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Simple holiday messages

Local fifth-grade student sends thousands of letters to troops

Posted: December 24, 2008 4:08 p.m.
Updated: December 25, 2008 4:59 a.m.

Emily Hood, 10, works on Christmas cards for U.S. troops deployed around the world. This year, she wrote and sent 1,508 cards. It was the second year in a row she undertook the project.

Emily Hood's message in her hand-made holiday cards she sends to U.S. troops in Iraq is only a few words:

"Thank you for serving our country."

"God bless you."

"Merry Christmas."

Some of the messages she wrote in the holiday cards were accompanied by bunches of smiley faces or drawings.

But to 10-year-old Emily and her parents, each card serves as a way to show appreciation and support for the dedication of U.S. soldiers serving in Iraq.

"They truly deserve our support," said Emily's father, Tom Hood. "And they absolutely appreciate it."

Emily recently finished sending candy canes and 1,508 holiday cards to Army and Marines units overseas.

While Christmas is one day a year, Emily's efforts took days, weeks and months.

Much of the money for the holiday cards came from Emily's recycling money.

Her grandmother offered to donate cards while Emily found bargains at after-Christmas sale prices at local stores.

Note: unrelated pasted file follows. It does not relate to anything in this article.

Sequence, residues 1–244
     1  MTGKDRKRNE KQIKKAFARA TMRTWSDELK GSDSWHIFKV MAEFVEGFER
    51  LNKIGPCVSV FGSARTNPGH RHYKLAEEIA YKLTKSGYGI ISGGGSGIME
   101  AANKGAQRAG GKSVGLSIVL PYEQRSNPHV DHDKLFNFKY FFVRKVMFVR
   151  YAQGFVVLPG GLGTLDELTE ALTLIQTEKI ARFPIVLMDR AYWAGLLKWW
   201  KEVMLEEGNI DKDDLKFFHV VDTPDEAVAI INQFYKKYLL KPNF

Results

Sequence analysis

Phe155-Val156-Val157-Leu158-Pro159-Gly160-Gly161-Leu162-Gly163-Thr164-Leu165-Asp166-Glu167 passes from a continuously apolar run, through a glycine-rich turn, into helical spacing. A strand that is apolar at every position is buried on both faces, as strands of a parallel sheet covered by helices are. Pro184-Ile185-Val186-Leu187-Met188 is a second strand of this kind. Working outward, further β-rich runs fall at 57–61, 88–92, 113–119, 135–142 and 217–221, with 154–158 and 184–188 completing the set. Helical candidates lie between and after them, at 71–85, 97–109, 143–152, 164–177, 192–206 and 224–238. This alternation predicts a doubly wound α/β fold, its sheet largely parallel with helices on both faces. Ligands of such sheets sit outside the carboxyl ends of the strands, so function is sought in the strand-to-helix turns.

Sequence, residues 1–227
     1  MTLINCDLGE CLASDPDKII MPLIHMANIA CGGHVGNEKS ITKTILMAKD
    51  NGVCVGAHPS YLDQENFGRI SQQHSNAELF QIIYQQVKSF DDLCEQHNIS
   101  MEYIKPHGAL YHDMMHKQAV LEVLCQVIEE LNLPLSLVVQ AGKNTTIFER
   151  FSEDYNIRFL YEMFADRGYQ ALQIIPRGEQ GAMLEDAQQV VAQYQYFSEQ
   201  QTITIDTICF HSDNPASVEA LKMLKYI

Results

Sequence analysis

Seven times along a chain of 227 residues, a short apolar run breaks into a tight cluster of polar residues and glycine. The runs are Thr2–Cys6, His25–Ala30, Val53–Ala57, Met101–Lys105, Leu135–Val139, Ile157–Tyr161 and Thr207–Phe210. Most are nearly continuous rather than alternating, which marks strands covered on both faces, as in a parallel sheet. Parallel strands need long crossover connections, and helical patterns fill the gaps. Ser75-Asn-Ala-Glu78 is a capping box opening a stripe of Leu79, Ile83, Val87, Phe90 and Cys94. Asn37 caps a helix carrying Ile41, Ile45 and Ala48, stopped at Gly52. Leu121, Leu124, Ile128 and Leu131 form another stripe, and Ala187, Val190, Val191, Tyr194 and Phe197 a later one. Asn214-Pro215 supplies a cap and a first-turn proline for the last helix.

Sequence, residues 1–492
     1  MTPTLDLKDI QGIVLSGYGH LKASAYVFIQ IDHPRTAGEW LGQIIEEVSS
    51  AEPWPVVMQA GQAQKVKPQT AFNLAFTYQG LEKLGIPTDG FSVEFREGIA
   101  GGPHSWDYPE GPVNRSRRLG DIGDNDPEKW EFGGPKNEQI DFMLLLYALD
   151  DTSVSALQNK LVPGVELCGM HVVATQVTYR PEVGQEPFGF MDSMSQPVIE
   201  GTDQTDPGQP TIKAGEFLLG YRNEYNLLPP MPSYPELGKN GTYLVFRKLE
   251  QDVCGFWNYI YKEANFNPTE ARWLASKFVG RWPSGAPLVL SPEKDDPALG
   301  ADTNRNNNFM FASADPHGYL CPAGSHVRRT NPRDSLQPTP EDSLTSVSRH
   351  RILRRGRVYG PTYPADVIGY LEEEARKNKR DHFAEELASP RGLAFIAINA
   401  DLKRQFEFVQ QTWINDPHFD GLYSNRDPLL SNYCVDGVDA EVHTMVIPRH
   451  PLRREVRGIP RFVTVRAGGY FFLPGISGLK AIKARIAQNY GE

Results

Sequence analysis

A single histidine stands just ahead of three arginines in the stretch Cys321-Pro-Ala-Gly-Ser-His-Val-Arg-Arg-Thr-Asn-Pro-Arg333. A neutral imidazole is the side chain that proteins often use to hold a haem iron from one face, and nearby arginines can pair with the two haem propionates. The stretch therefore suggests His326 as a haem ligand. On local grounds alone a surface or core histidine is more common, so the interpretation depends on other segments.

Emily, a fifth-grader, soon found herself recruiting her 7-year-old sister, Katie, and her 32 Rosedell Elementary School classmates to help write the cards to meet her initial goal of sending 1,000.

Emily took the cards everywhere.

Emily parked in front of the television with a box of cards by her side.

Even after bedtime, she snuck into their Saugus home's playroom and worked on decorating the cards.

"I think I just like the challenge," Emily said.

Emily's parents recognize her determined attitude.

"It's almost infectious when she has her girlfriends over and she has a box out," said her mother, Rita Hood. "It ends up being a cumulative effort."

This year, Adopt a U.S. Soldier provided names of four officers of Army and Marines units.

The nonprofit organization recently awarded Emily a certificate thanking her for sending so many cards.

"I was really excited," she said about the certificate and phone call from the organization's leader.

Emily's holiday cards project began in 2007 as part of a volunteer program through the Children of the American Revolution.

She soon realized that mailing cards to soldiers serving overseas was something she could do on her own.

"That's easy - I can do that," Emily remembers thinking.

Through the help of her Rosedell classmates and a supportive teacher, she sent 368 holiday cards to the troops for 2007's Christmas.

All the cards went to Iraq, with one bunch going to an Army unit while another arrived at a Marine unit.

Emily received two cards back from the troops offering their thanks and support for her efforts.

"I really like when they respond," Emily said, adding that it makes her feel "great."

While many are still scrambling to buy presents and decorate for this year's Christmas, Emily already has plans for 2009.

She wants to send 2,000 or 3,000 cards for the troops.


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